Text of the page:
He vividly remembers how he saw the destroyed reactor for the first time in mid-August. “It looks much worse there than on TV,” he says. “Like New York after September 11. Destruction everywhere.” He hasn’t told his family that he works at the plant. He doesn’t want them to worry.
He has his own worries. He needs the money, which is just under €100 a day. But if things keep going like this, he says that he will only be able to do the job a few more weeks until he reaches his company’s radiation limits.
Workers Pushed to Their Limits
TEPCO is preparing to spend decades in J-Village. Workers have spread gravel around the large soccer stadium and in a number of adjacent areas. Here they have placed row after row of gray trailers. There are 40 per row and they sit two stories high, extending right up to the blue plastic seats in the stands.
The stadium’s large scoreboard still hangs behind this makeshift community. The stadium clock has stopped at 2:46 p.m., which was the moment when the earthquake cut off the electricity here and at the power plant 20 kilometers (12 miles) away. Now, the power is on again and white neon lights illuminate the rows of trailers.
In one room the workers can pick up bento boxes. Next door TEPCO has built a laundromat with more than a hundred washing machines. Behind the main building in J-Village, buses are parked on the former soccer fields and debris is stored in large plastic bags on the tartan track.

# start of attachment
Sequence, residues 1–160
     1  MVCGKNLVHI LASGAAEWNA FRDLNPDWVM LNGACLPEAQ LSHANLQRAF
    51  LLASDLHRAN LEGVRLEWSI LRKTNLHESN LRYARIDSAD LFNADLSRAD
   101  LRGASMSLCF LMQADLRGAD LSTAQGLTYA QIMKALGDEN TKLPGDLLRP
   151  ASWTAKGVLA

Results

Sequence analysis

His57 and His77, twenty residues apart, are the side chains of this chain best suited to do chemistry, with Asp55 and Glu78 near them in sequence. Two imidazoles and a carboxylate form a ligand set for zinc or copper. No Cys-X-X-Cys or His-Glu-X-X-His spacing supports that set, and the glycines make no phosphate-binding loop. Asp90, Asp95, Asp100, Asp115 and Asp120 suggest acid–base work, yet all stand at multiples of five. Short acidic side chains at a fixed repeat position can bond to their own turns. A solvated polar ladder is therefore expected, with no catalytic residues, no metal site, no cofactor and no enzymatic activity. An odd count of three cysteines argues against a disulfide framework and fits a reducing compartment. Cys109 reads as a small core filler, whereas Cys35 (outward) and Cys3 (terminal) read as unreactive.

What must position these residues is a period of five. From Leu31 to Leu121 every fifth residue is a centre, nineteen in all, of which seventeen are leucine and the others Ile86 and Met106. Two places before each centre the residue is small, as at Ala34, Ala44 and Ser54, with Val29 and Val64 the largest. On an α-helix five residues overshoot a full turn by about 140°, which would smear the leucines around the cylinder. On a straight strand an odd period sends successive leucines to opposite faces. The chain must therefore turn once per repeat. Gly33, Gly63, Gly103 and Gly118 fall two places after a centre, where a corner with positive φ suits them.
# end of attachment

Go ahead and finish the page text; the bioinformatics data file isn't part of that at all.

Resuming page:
Stacks of Contaminated Suits
In the courtyard of the main building, TEPCO has had a small store built, where workers can purchase cigarettes and tea. Some of them, still wearing their work overalls, have gathered around a number of ashtrays and are smoking in silence.
There is an Adidas advertisement glued to one of the doors and an obsolete warning sign: “No SPIKES!” An exhausted worker is asleep on the floor in the hallway.
In the window of the atrium hang huge banners for TEPCO Mareeze, the soccer team that belongs to the energy company. In the center of the building stands a panel with a large white and green map of J-Village. There was a time when this was there to help athletes find their way around. Now, a man in a TEPCO uniform stands here and uses a red felt pen to post the current radiation levels for over a dozen different places on the premises.
Three TEPCO employees are sitting nearby with their laptops. The workers hand them their daily dosimeters. In return, they are given a receipt that resembles a cash register sales slip and shows the dose of radiation that they have received that day.
In the corridors hang large framed photographs of famous moments in soccer history.
One of them shows German goalkeeper Manuel Neuer during the match between Germany and England at the 2010 World Cup. Outside on the covered playing field, eight goal posts have been pushed aside and are nestled together. Workers’ underwear has been hung out to dry on one of the crossbars.
At the entrance someone has used pink tape to attach a sign to the bare concrete: “Caution! Contaminated material.” Behind this sign, used protective suits and masks are stacked in piles that are 4 to 5 meters high.
Three Shifts Around the Clock
A stooped-over man in a white and blue uniform leads the way to the far corner, where radioactive dirt is lying in a kind of rubber pool. The man says the dirt was washed off cars that had been close to the reactor. Nearby, someone has taped markers to the artificial turf, much like the ones that runners use to gauge their run-ups. Here, however, workers have written radiation levels on the tape. With every meter that you approach the pool, the radiation levels increase: 4.5 microsievert, 7.0 and then, finally, one meter away: 20 microsievert.